loudspeaker system and deriving from such stimuli a complex transfer function (TF) between the host loudspeaker system and the microphone array. This captured TF, most efficiently expressed as Finite Impulse Response (FIR) filter parameters, is utilized to improve recognition of voice queries in the system.

[0020] In addition, the method further includes providing a digital signal processing (DSP) engine preprogrammed to include a range of transfer functions corresponding to the separate host loudspeaker’s system settings, capturing transfer functions TF that reflect room effects derived over a range of preprogrammed DSP settings, recalling from memory the inverse of the transfer function that best matches the current state of the DSP settings, and imposing on the signals acquired by the microphone array the best match inverse signals to subtract the separate host loudspeaker’s contribution from user voice signals acquired by the microphone array, thereby greatly improving the signal to noise ratio of voice commands/queries signals to loudspeaker output noise to provide greatly improved responsiveness to user voice commands. The method may further include monitoring ambient environmental noise apart from desired program material produced by the host loudspeaker system and modifying the DSP settings in accordance with the monitored environmental noise to provide a“micro quiet zone” centered about the modulator for further improving the signal to noise ratio associated with voice commands.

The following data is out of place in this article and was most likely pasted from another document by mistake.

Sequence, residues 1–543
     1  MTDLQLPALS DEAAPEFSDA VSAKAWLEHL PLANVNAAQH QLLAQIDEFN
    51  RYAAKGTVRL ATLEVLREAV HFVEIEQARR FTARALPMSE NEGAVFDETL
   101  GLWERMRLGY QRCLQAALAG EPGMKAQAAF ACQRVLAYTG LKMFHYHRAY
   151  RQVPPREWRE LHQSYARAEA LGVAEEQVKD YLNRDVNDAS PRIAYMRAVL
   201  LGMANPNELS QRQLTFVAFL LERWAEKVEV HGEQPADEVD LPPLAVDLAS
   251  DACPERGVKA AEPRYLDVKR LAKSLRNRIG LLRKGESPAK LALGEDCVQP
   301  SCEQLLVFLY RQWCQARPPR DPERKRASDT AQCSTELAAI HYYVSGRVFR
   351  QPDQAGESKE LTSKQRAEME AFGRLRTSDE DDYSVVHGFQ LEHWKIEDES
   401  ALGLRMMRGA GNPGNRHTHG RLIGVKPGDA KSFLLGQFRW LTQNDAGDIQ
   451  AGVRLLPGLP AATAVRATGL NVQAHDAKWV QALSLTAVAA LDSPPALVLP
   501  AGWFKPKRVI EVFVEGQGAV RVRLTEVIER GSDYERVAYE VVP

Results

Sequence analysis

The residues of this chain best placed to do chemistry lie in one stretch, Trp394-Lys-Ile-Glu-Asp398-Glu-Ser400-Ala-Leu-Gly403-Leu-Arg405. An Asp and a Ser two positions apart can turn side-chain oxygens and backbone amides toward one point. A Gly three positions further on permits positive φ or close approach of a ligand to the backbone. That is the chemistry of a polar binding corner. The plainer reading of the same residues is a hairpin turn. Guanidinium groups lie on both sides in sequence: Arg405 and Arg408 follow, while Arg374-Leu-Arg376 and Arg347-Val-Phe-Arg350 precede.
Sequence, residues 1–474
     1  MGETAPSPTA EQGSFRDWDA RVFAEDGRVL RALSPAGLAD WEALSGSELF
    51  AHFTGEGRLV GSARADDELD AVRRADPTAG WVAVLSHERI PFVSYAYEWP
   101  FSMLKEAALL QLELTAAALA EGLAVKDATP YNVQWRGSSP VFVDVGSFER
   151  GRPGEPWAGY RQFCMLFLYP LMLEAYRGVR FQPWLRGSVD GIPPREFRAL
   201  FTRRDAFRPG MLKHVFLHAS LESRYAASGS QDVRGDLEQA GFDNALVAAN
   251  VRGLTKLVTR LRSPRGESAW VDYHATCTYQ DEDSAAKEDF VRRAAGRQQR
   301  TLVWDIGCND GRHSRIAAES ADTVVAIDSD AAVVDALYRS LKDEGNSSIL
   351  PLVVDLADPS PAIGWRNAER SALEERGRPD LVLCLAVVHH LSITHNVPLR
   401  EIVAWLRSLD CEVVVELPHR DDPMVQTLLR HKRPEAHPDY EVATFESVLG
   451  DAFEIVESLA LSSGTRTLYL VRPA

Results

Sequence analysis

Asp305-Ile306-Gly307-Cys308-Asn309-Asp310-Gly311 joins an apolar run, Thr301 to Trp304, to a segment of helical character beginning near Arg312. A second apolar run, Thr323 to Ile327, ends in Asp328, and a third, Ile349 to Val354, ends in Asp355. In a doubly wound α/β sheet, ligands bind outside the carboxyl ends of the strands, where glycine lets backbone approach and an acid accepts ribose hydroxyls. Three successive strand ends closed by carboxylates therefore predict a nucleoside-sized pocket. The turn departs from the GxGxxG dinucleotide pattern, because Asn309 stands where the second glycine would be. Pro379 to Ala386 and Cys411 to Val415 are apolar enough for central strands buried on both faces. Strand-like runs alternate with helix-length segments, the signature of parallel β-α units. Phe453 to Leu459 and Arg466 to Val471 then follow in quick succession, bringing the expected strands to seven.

[0021] The method further includes capturing the acoustic frequency response of the loudspeaker system at the user’s primary listening location in conjunction with “room-smoothing” algorithms and modifying by inverse magnitude shaping the DSP settings in accordance with the captured acoustic frequency response to optimize system performance. Alternatively, the method may modify the DSP settings in accordance with the captured acoustic frequency response by imposing time- delayed correction signals to optimize system performance.

[0022] The method of the invention may also include determining, in a host loudspeaker system containing a sound bar SB and a subwoofer SW, the location of the sound bar relative to the subwoofer and modifying the DSP settings in

accordance with the determined relative locations to optimize system performance.